Date Approved

5-31-2016

Embargo Period

6-2-2018

Document Type

Dissertation

Degree Name

Ed.D. Educational Leadership

Department

Educational Services and Leadership

College

College of Education

First Advisor

Johnson, Ane Turner

Second Advisor

Walpole, Marybeth

Third Advisor

Rose, Steven M.

Subject(s)

Underprepared community college students

Disciplines

Higher Education

Abstract

Underprepared urban community college students from low socioeconomic backgrounds face numerous challenges as they pursue a college degree. They can have weak academic skills that places them in non-college credited developmental education courses, which many do not complete. This qualitative case study used Bourdieu’s (1977) theories of cultural capital, habitus, field, and practice as a critical test of a significant theory (Yin, 2009) to understand how the interaction between the urban community college and these students positioned the students’ educational outcomes. Developmental reading/writing courses were observed. Students enrolled in these courses, faculty who taught the courses, and administrators who interacted with developmental students were individually interviewed. Students’ final grades in the courses were used to determine students’ educational outcomes. Themes identified included the influence of low socioeconomic status on education (Bourdieu, 1990), which led to a collision of cultures (Carter, 2003) within the institution and challenges to faculty pedagogy. This study showed how the transformational aspect of Bourdieuian Theory (1977, 1990), along with students’ Community College Wealth (Yosso, 2005) and institutional validation of the students’ personal culture (Rendon, 1994), can inform students’ educational outcomes.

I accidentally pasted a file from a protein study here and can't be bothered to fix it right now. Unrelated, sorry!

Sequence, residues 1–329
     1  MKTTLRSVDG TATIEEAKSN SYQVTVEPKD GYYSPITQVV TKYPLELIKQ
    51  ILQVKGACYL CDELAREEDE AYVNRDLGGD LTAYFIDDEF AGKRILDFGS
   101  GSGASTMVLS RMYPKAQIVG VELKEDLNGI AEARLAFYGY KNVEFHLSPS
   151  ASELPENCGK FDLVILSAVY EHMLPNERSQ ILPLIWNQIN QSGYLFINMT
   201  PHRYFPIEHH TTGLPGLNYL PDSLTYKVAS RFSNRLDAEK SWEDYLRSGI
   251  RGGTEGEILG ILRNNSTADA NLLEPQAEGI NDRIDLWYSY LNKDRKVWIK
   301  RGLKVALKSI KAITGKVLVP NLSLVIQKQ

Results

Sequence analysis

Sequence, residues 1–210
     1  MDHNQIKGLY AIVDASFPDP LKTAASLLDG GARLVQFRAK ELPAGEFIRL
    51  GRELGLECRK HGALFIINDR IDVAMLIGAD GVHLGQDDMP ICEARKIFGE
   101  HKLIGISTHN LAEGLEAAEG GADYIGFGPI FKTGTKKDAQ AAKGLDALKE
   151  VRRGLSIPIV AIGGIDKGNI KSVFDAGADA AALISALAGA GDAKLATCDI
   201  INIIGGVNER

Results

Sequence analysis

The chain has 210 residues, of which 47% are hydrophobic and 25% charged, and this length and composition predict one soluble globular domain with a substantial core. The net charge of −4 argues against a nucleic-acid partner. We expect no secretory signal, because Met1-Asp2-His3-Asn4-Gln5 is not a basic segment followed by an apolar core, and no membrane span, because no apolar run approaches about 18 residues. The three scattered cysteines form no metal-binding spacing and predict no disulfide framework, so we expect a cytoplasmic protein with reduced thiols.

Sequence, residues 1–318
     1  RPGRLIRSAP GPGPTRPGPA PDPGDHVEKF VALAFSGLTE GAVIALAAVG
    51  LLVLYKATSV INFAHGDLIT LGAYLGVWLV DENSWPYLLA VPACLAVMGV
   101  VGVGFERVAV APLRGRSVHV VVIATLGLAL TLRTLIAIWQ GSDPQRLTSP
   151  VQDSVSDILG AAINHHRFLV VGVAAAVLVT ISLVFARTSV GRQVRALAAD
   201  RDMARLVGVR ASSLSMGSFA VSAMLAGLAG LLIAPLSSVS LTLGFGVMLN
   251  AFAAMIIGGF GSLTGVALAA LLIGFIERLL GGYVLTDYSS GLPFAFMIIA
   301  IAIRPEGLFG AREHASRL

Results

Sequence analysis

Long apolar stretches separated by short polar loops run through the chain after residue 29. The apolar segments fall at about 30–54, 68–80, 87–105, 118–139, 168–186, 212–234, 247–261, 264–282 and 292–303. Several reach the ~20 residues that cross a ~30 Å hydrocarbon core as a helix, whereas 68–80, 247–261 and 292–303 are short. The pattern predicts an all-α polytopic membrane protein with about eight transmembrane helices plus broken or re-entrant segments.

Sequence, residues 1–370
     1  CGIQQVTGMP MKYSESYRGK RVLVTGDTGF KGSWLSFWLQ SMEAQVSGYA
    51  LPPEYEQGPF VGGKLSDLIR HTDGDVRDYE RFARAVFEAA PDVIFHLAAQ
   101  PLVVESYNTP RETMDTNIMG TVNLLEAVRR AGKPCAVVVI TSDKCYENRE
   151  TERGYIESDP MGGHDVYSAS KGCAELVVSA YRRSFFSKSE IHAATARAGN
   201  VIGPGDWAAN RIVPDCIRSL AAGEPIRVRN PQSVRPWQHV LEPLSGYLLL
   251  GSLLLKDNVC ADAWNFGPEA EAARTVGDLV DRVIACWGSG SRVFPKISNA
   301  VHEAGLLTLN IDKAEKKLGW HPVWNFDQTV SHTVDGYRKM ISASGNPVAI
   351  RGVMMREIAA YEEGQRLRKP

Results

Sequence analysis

Other Repository URL

http://dissertations.umi.com/rowan:10193

Available for download on Saturday, June 02, 2018

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